Investing in Pooled Funds- What You Need to Know About it?

Invest in Pooled Funds as an Alternative Investment

Investing in Pooled Funds- What You Need to Know About it?
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If for some good reasons you are averse in taking a very risky type of investment or you do not have enough time to study and learn more about the stocks, then pooled funds is another thing you might want to consider.

What are Pooled Funds?

This is almost the same with stocks but the difference is that with pooled funds, a fund manager does the processing of the investment for you. He will also heavily decide on your behalf. Another feature deals with buying 2 or more stocks pooled into one account. Unlike investing in stocks where you need to individually buy shares of different companies, pooled funds gives you the advantage of not necessarily doing it.

Pooled funds have two types- Mutual Funds and Unit-Investment Trust Funds (UITF). These two are included in the six investment instruments I want to discuss. Please remember that both Mutual fund and UITF are pooled funds.

I will just be explaining some overview of the pooled funds so you will have a clearer idea where and how you will invest your money if you want it this way.

Investment Areas for Pooled Funds

As stated above, your money in pooled funds will be managed by a fund professional but whether you choose UITF or mutual fund or both, you will still have the right to decide which asset class you want to put your money in a pooled fund. This is also called diversifying your portfolio.When a company is offering you their fund products, you have to know what investment class they own and choosing the funds they offer should be aligned to your investment goals and needs. Some pooled funds only own stocks or equity funds while others own bonds or bond funds. Other pooled funds own both stocks and bonds which are called balanced funds and others own short-term funds called Money-market funds.

These “fund” terms might be a little bit complicated for you to understand but trust me, you’ll be able to dub these terms as easy as chicken when you have already tried investing in pooled funds. As we all know, reading and learning is not enough. It has to be acquired by application but let’s leave this nugget of wisdom for a while. We’ll get into that after we learned all the investment vehicles. For this time, let me elaborate first on the said four specific fund categories of pooled funds.

1. Money-market funds

When you want to invest your money for a short-term, usually in a year or less, your fund manager will recommend you to put it in money-market funds. The return is lower but safer to invest in. Almost similar to what banks can offer, these funds may not defeat inflation rate but the risk it covers would nearly boil down to zero percent. Other features of money-market funds represent securities that are of high-quality and liquidity. You can purchase such fund’s share in both mutual and UITF (Which I will be discussing next) offered by brokerage firms and banks.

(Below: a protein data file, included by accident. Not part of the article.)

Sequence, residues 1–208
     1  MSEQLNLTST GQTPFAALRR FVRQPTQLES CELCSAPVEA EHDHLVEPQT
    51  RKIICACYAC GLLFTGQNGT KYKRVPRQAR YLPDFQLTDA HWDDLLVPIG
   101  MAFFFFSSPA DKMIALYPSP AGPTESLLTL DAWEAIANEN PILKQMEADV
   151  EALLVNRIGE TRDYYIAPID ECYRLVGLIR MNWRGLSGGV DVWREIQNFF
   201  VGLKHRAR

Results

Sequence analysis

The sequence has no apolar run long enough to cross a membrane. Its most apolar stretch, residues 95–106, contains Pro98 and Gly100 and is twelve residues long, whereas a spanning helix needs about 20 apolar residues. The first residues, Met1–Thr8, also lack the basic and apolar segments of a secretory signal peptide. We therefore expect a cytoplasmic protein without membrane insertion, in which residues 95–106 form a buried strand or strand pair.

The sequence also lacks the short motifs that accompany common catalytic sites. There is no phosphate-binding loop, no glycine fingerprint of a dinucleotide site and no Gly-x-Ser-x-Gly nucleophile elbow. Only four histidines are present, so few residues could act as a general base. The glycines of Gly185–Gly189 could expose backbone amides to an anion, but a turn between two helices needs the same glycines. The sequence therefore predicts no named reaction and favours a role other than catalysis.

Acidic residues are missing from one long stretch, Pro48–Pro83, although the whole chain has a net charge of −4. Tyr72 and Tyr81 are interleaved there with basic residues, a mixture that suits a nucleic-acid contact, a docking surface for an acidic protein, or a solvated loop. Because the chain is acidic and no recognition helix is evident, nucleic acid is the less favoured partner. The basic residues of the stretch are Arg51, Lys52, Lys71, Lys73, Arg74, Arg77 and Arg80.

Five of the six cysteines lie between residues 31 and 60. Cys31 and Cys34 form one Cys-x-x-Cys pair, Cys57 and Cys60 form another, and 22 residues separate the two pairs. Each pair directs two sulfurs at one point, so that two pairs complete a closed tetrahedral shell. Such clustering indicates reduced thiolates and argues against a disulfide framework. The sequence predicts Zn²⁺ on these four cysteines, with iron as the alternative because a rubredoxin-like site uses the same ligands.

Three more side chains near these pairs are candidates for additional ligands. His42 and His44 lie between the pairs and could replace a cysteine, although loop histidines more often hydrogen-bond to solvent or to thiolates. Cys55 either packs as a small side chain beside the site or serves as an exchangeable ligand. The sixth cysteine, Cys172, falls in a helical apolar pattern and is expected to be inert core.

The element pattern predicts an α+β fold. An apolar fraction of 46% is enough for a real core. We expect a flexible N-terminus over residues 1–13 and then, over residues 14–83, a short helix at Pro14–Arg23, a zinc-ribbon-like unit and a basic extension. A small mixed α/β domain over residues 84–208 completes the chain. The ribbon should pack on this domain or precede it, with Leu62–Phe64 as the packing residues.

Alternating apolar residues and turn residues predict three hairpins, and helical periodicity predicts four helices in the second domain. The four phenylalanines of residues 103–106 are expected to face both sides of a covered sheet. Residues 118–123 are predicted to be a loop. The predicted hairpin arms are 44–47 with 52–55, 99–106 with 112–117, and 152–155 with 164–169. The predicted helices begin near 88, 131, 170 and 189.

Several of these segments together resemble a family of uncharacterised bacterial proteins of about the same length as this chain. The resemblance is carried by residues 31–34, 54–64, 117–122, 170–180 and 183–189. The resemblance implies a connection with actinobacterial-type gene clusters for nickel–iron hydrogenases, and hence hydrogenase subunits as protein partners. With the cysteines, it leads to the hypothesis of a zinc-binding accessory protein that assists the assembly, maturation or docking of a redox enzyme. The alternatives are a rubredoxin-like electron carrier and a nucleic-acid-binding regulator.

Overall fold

2. Bond funds 

The instant clue to remember in these funds is just ‘debts.’ Any debt-related instruments and securities, either by corporate or government will pertain to bond funds. And when you’re looking for its growth capital, your investment timeline should be in the medium-term or at least longer than money-market funds. Bond funds will pay you through dividends that include interests from payments and price appreciation. If you want to invest in this fund, you need to have a moderately conservative risk appetite.

3. Balanced funds

A balanced fund is a combination of stocks, bonds and sometimes, money-market instruments all blended in a single portfolio. However, returns from each component in this fund have fixed set limits. It may be equal or not. One example is in the mixture of stocks and bonds. Some balanced funds may favor 50% for stocks and the other half for bonds. Others may want 60-40 or the other way around while another balanced fund wants 70-30. There are also balanced funds that offers combination flexibility but the fund manager makes sure that he stays consistent with the fund objectives.

Balanced funds are recommended to investors looking for a modest capital appreciation and has a moderate risk-taking appetite.

4. Stock or equity funds

This may already sound self-explanatory to you as stock or equity funds are funds that invests in stocks or equity securities. Almost all equity funds in the Philippines are passively managed and invested in blue-chip stocks. In these funds, the downside ‘though is that you cannot become a part-owner of the company stocks. Your objective for capital growth for equity funds should be long term or at least more than 10 years.


You may have again added learning insights as you have read the introductory part of pooled funds and its specific categories but I hope it’s not information overload on your part yet. If you still cannot understand what a pooled fund is, then don’t worry about it. You don’t need to have a thorough and in-depth study of pooled funds. Just remember that the fund manager will do all the investment job description for you. All you need to do is to determine your risk tolerance and your investment objectives. Please take note of the table because this is what I want you to memorize if you’re really into pooled funds.

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